By this time next year, IT budgets should be back to their pre-recession levels for the vast majority of Canadian small-to-medium businesses, according to CDW Canada Inc.
The Toronto-based technology provider polled just over 100 SMBs at a recent customer conference about their future IT spending habits. About 82 per cent of respondents indicated that they believe IT budgets will return to normal before Q2 2010, with 43 per cent of those respondents actually expecting this to happen before Q4 2009.
Daniel Reio, senior manager of marketing at CDW Canada, said that while improving economic forecasts have certainly played a role in these responses, many companies are realizing they can only go so far with the technology they currently have in place.
“There was an opportunity to go on a bit of a cautious spending timeframe, but the reality is that it’s got to come back around,” he said, adding that because IT is increasingly being regarded as a competitive differentiator, it could be one of the first areas to get its budget back.
Reio said that this IT spending improvement will be quite broad and should be seen across the board in software, hardware and services.
“We’re seeing strengthening in the software market, people looking at ensuring their protected with security software, but on the hardware side, we’ve seen lots of opportunities too,” he said, adding that virtualization in particular is driving the need for bigger servers to support growing virtual infrastructure.
CDW Canada added that respondents still consider cost savings to be an important concern with about 76 per cent of respondents citing it as their top IT concern. Other concerns include that cracked the top five for respondents were data security, disaster recovery, desktop management, and data backup.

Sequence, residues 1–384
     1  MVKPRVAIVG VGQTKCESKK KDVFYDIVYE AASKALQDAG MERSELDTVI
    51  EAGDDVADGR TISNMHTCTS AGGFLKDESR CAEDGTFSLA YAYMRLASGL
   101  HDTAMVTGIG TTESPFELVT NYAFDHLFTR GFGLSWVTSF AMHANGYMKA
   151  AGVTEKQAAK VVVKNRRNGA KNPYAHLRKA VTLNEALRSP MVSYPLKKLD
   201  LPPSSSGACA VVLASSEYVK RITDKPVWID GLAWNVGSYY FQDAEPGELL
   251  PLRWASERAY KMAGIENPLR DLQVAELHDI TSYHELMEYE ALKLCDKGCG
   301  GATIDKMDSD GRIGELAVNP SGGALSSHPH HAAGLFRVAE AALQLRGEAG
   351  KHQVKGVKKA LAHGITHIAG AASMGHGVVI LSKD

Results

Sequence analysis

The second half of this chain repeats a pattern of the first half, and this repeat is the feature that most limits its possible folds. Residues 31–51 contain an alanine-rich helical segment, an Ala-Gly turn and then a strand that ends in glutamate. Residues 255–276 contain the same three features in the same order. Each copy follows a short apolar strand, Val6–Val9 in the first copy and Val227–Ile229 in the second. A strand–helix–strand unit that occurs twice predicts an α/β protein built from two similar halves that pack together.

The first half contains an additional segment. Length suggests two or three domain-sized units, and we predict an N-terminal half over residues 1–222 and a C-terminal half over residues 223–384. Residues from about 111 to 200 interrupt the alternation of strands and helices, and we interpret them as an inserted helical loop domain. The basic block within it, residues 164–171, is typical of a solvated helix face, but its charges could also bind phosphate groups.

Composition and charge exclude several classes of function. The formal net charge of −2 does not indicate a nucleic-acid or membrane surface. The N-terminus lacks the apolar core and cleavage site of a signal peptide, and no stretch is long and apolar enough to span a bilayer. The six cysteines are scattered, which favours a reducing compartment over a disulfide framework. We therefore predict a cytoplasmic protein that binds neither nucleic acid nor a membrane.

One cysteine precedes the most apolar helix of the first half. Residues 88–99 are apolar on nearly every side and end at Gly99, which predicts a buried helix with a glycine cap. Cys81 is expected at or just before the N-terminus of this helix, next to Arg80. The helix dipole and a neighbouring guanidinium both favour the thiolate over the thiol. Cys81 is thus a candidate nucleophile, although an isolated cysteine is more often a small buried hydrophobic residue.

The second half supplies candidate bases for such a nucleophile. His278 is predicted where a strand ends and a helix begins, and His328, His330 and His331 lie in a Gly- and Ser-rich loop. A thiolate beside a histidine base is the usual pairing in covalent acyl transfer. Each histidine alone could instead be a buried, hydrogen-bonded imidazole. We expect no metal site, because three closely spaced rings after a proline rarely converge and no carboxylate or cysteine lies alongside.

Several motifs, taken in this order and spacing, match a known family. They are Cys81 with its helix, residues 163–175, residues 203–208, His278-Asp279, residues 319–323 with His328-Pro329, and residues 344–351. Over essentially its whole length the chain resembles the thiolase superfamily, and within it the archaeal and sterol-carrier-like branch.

In its recent mid-year IT spending forecast, Forrester Research Inc. made a similar forecast when it predicted global technology spending to drop by 10.6 per cent this year compared to 2008. This is a dramatic change from the 3 per cent decline the research firm previously predicted at the start of the year.
The reason for the change, according to Forrester analyst Andrew Bartels, is that IT shops cut capital investment far more than they needed to during the first half of 2009. “We overreacted here,” he said, referring to both IT buyers and government leaders in response to the global recession.
The good news though is that the economic damage is most likely in the past and the numbers will be significantly higher in 2010. This is due in part to organizations cutting back on too much capital investment in Q4 2008 and Q1 2009, which will set a low base for positive year-over-year growth to occur as early as Q4 2009.
“You got companies running on almost two years of cuts,” said Bartels. These firms can only put off upgrades for so long and he believes the upgrading and a potential worldwide revival will begin by year’s end.
The news could also be music to Microsoft Corp.’s ears, he said, as a lot of companies looking to make PC upgrades have decided to wait for the company’s new Windows 7 OS. The release is largely seen as “a release that fixes the problems with Vista” and could be embraced by many corporate IT managers who have been historically slow to keep up with Microsoft’s upgrade schedule.
Reio agreed, saying that the aging Windows XP platform, coupled with the more positive early reviews surrounding Windows 7’s launch should give the OS serious traction over the next 12 months.
– With files from IDG News Wire